She shows us what is at stake in scissoring away the caul-like mask that society imposes. In order to let the originary, uncensored and true state of things hold sway, she must put paid to masks and all false dichotomies. What Merleau-Ponty argued for Cézanne’s painting, that it was validated by continuing attempts to repudiate and transcend facile dualisms of idealism and realism that shape our judgments and our values, we could also argue for Wagschal’s work. (18) But this painter will have none of it. She is a thinker of the social. She is a painterly arbiter of power relations; a steady-handed surgeon of the Real whose paintings tell it as she sees it. It is all bred-in-the-bone. She will never retreat into some unspoiled idyllic narrative of nature. She dissects the conventions and the harsh underlying truths of how we live now in our post 9/11 world, in order to better eviscerate hypocrisy and achieve a semblance of truth. She summons her own sort of ‘l’être sauvage’ that puts paid to any idealism whatsoever as she enters the arena, brush in hand. One might suggest that she always recognizes the precedence of human nature over the conventions of painting. Perhaps this is why so many find her work uncanny–so intense and intent in its regard. Watchful and incredibly quick to pounce, like a panther in the underbrush, Wagschal ferrets out the darker truths of our nature–and the universal truths of our condition of being here, I mean, of being in the world; a world, moreover, that is somehow largely inimical.

The inability to embrace or deny this world is deeply questioned by this painter’s driven hand and brush. “Cézanne did not think he had to choose between feeling and thought, between order and chaos. He did not want to separate the stable things which we see and the shifting way in which they appear…” (19) This is the case with Wagschal, as well. In her chosen methodologies there speaks, like Cézanne, and in unfaltering soprano, the subjectivity of a painter who ceaselessly stretches toward nature in order to close the intolerable gap between body and world, corporeality and cosmos, embodiment and all conceivable phenomena whatsoever. She acknowledges their supreme mediator – the umbilical of the flesh. This is a matter of birthing and being true to pure visuality; only the most seasoned and radical painters achieve it.

Visuality presupposes a circular movement between body and flesh. The ontology of expression, and not the occultation of being, comes to the fore in Wagschal’s technique. This is interesting insofar as the body is so well implicated in painting, subject and act. Merleau-Ponty says in Eye and Mind: “It is by lending his body to the world that the artist changes the world into paintings.” (20) Marion Wagschal lends her body to the world – and the world is changed into her painting. As witness, her feminist masterpiece, the Self-Portrait of 1974, the absolute honesty of which is perhaps unprecedented in the history of self-portraiture. Her portraits are not of people somehow isolated from nature. They are nature. Hers’ is an art of restoration, founded upon a symmetrical relationship between the bodies of her sitters and other natural phenomena in a fluid circle of the flesh and the enfleshed, seer and seen.

Her art incarnates an eidos of the given, the primacy of the touch and, not least, duende fever. She has formulated an ontology of expression all her own, and one suitably tailored to expression in the interrogatory language of her figuration. Her orbit is that of portrait painter intent upon wrestling the latitude and longitude of that lurking ontology not just out of posture, facial expression, bone structure, lurking deficiencies of flesh, idle gestures and repetitive tics but out of everything that lies behind them: embodied spirit. Her energetic brush has casual authority from palette to canvas ground, and like a bullfighter’s cape, distracts her sitters into a state of unwary repose. If she gores them a little, it is not to willful ends, but to reveal her truth, their truth, our truth. In revealing their internal states, she gives the world a lasting, transcendent truth about the nature of portraiture and, above all, the ways and means of the human heart.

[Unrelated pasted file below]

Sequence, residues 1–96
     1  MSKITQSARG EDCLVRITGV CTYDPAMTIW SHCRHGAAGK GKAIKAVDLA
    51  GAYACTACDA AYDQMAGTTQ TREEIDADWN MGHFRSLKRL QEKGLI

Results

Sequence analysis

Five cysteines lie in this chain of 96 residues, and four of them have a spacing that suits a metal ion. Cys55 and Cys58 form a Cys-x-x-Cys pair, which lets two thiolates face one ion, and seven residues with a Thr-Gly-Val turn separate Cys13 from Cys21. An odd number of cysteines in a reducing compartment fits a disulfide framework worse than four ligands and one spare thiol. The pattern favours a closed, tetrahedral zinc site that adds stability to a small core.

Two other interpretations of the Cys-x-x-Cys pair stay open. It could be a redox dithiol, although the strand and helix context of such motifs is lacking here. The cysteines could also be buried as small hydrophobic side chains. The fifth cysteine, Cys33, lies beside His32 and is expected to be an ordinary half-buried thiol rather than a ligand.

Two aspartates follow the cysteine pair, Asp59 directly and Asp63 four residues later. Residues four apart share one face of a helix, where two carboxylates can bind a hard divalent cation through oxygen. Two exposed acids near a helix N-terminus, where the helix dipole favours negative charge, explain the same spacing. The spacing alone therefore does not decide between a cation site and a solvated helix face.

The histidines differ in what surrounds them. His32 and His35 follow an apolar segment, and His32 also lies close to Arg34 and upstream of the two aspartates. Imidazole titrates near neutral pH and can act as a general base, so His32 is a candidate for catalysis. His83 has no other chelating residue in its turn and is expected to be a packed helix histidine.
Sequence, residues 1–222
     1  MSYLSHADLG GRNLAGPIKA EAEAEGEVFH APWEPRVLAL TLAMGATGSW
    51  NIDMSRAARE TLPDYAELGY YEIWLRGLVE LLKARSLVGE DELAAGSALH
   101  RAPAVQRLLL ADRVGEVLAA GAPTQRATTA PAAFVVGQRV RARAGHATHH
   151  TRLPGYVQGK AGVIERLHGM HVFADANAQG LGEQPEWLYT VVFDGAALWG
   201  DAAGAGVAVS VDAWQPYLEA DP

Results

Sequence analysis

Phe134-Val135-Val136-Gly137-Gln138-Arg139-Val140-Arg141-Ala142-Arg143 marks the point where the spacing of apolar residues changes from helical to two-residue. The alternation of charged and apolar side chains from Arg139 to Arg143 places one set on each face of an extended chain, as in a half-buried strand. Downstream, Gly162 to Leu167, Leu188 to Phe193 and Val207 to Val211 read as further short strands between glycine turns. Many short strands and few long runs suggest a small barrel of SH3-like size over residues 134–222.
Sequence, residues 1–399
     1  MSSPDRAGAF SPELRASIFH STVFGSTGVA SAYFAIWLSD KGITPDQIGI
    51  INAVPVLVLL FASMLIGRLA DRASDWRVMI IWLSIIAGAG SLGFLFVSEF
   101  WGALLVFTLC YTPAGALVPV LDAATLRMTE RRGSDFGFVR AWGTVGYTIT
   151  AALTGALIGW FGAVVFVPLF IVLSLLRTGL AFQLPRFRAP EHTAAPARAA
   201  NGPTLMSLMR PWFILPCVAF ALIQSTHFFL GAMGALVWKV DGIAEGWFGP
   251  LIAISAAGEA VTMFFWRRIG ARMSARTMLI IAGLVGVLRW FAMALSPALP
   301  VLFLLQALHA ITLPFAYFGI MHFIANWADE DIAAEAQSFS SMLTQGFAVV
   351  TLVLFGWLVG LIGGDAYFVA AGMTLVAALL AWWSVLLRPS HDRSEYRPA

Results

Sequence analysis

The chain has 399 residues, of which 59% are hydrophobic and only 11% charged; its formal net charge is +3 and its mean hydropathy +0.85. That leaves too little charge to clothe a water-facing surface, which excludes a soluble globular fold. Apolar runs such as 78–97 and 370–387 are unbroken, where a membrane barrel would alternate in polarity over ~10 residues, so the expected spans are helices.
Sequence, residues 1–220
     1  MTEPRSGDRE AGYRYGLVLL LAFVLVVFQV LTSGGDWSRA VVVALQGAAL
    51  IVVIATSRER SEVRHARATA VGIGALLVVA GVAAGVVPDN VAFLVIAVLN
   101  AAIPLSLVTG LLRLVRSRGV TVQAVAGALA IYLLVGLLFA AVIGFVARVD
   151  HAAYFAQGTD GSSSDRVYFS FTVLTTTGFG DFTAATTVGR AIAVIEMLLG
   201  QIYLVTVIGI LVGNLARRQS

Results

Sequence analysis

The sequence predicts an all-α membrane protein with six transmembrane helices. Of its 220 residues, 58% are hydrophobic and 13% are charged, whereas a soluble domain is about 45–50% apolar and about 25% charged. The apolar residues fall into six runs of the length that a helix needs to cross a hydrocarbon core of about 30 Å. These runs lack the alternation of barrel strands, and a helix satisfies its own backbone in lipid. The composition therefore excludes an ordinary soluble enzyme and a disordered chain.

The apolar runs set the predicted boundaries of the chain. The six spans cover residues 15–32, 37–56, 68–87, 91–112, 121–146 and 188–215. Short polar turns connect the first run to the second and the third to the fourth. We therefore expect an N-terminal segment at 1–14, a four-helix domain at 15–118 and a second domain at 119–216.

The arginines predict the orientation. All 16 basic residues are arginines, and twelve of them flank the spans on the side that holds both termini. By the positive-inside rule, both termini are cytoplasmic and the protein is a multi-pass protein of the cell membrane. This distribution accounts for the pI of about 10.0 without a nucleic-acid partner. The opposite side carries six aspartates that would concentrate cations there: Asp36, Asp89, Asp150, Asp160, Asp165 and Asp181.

- James D. Campbell, Montréal, June 14, 2005


1. Lucinda Grey, The Woman Who Has Eaten the Moon. (Nicholasville, KY: Wind Publications, 2004).

2. Federico García Lorca, “Play and Theory of the Duende” In Search of Duende. Prose selections edited and translated by Christopher Maurer. (New York: New Directions Books, 1998), p. 51

3. Lucinda Grey, The Woman who has Eaten the Moon, op. cit.

4. Claire Bateman, Review of The Woman Who Has Eaten the Moon in the Charlotte Observer, Sunday, Oct. 17, 2004.

5. Maurice Merleau-Ponty, The Visible and the Invisible, (Evanston, Ill.: Northwestern University Press, 1968), p. 153.

6. Garth Gillan, “In the Folds of the Flesh” in The Horizons of the Flesh: Critical Perspectives on the Thought of Merleau-Ponty, ed. Garth Gillan , (Carbondale, Ill: Southern Illinois University Press, 1973). p. 28

7. Maurice Merleau-Ponty, Phenomenology of Perception (New York: Humanities Press, 1962), p. 146.

8. Maurice Merleau-Ponty, The Visible and the Invisible, (Evanston, Ill.: Northwestern University Press, 1968), p. 139.

9. Marion Wagschal, “Statement” in Drawings Exhibition brochure, Theo Waddington, 1980.

10. Cathryn Vasseleu, Textures of Light: Vision and Touch in Irigaray, Levinas and Merleau-Ponty (London: Routledge, 1998), p. 72.

11. Marion Wagschal, “Statement” in Drawings Exhibition brochure, Theo Waddington, 1980.

12. Marion Wagschal, cited in Debbie Hum “Painterly Reflections,” Concordia University Magazine, March 2005.

13. Lorca, op. cit, p. 58

14. Lorca, Ibid., p. 59.

15. Alphonso Lingis, “Being in the Interrogative Mood” in The Horizons of the Flesh: Critical Perspectives on the Thought of Merleau-Ponty, ed. Garth Gillan (Carbondale Ill: Southern Illinois University Press, 1973). P. 87.

16. Dylan Thomas, The Poems (London: Dent, 1971), p. 118.

17. Lorca, op. cit., p. 59

18. Merleau-Ponty, “Cézanne’s Doubt” in Sense and Nonsense (Evanston, Ill: Northwestern University Press, 1964), p. 13

19. Merleau-Ponty, Ibid.

20. Merleau-Ponty, “Eye and Mind,” in The Primacy of Perception, (Evanston, Ill: Northwestern University Press, 1964), p. 162